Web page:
The Quarter Finals are about to take place at the 2018 FIFA World Cup.
I have been using a naive Bayes approach to anticipate when goals might be scored in the knockout phase of the 2018 tournament.
I chose some priors from the outcomes of the 2010 and 2014 tournament knockout phases. The posteriors for these were:
My priors for 2018 were:
The posteriors for the Round of 16 were:
A comparison of Priors and Posteriors after Round of 16:
It will be interesting to see if this relationship changes in the forthcoming games … particularly in regard of extra time.
There is a rich variety of data available on the 2018 FIFA World Cup website.
The FIFA live blog for each game records temperature and humidity.
After 20 games played in the tournament, I thought I would explore these data with regard to ball in play time in each game.
The data and the RCode I used are available on GitHub. This post is another learning out loud approach to my use of R and RStudio.
Temperature and Humidity for each of the 20 games:
Humidity and Ball in Play Time:
Temperature and Ball in Play Time:
These ggplots are created with secondary data. As with all my World Cup posts, I am mindful that I have not investigated the validity and reliability of these data. I do make some basic face validity assumptions about these data.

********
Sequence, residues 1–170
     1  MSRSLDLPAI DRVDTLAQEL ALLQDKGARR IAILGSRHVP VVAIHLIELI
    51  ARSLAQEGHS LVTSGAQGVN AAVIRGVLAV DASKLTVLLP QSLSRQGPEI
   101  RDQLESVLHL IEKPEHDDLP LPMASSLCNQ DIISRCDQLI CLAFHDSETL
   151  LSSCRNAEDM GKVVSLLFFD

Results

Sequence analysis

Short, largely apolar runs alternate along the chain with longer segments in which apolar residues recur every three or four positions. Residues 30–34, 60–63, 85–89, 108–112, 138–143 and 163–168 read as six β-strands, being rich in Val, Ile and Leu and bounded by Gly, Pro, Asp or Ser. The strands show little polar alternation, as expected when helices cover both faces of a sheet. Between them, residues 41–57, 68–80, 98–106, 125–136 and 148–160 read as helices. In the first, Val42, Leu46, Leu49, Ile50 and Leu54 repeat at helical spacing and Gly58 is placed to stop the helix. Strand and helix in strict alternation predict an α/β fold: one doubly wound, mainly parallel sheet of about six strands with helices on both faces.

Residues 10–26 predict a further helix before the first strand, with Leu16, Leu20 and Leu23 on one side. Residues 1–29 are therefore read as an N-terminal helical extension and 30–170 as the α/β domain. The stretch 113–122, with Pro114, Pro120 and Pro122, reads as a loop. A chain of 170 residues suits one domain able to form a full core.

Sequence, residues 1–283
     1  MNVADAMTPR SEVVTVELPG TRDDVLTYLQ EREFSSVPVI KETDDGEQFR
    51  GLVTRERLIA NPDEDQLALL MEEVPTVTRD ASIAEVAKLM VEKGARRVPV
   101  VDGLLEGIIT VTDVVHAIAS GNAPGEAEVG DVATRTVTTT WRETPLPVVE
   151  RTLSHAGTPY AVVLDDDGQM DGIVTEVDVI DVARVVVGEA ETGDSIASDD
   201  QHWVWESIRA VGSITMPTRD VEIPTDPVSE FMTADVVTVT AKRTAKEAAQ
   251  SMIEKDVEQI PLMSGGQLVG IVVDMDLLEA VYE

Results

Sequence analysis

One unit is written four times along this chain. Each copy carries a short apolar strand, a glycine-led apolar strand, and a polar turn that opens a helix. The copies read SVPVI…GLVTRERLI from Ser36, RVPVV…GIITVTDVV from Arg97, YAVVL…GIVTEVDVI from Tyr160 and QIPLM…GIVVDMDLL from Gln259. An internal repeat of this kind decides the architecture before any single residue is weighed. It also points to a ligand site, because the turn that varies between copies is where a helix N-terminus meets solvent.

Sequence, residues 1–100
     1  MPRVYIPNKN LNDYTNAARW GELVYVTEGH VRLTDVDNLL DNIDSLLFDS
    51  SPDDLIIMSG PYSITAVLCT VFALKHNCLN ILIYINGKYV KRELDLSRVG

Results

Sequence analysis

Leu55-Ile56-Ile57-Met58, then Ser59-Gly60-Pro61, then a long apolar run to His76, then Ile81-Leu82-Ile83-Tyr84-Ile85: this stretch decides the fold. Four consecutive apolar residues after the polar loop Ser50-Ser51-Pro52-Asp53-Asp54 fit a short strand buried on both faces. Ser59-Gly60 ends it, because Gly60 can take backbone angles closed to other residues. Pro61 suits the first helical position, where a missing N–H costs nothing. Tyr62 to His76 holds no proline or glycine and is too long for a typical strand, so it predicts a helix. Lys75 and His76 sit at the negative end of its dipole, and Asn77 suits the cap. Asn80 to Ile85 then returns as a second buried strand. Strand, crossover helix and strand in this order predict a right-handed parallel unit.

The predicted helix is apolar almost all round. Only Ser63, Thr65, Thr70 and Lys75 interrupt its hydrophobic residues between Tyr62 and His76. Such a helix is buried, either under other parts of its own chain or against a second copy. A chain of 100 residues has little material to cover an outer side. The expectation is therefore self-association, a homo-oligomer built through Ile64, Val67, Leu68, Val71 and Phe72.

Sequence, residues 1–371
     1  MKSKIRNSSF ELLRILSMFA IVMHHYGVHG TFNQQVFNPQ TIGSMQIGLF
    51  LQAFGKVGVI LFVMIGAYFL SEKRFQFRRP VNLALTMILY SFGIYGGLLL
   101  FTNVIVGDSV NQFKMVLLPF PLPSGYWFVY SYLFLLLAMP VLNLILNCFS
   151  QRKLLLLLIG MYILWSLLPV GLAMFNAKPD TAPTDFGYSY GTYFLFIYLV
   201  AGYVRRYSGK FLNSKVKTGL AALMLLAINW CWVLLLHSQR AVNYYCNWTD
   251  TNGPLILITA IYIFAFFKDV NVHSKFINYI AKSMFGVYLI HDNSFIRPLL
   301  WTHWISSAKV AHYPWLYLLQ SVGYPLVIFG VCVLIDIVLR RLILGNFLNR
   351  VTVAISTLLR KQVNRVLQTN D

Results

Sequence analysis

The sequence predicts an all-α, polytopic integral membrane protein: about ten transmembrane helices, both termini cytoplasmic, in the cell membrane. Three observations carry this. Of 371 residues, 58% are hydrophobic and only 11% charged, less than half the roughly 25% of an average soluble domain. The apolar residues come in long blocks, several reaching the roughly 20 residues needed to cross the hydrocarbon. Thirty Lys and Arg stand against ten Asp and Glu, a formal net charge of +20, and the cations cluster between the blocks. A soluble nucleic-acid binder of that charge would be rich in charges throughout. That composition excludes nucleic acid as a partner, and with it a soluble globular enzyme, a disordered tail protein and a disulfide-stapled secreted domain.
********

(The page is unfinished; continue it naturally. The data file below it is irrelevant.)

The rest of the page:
_IGP5474 (Victor, CC BY-SA 2.0)
I have been exploring the
quantile function in R as a way to explore AFL performance.
The generic function
quantile produces sample quantiles corresponding to the given probabilities. The smallest observation corresponds to a probability of 0 and the largest to a probability of 1.
I have data for 12 rounds of the 2018 AFL competition.
I wondered if the quantile measures might give me a game signature.
My data are:
For the teams that have won games
For teams that have lost games
For game outcomes
In Round 12, I looked at Geelong and Sydney in terms of winning quantile profiles (how good a winner were they?) and North Melbourne and St Kilda in terms of losing quantile profiles (what kind of losing team were they?).
My quantile signatures for these games are:
(Note quantiles are expressed in terms of winning performance for Geelong and losing performance for North Melbourne. Geelong’s final quarter is rated highly in winning terms (top 20%). North Melbourne were in the top 20% of losing performances in the third quarter.)
(Sydney’s first quarter performance was in the top 5% of winning performances. St Kilda elevated their losing performance in the second and fourth quarters to top 25% of losing performances.)
Exploring quantiles in R has helped me think about how to visualise games and express the competitive nature of these games.
I am mindful that I am using a macro indicator for this visualisation but the ability to specify quantiles in a growing database of AFL performance seems promising.
They might also help with early prediction of game outcome.
Footy (Beau Lebens, CC BY-NC 2.0)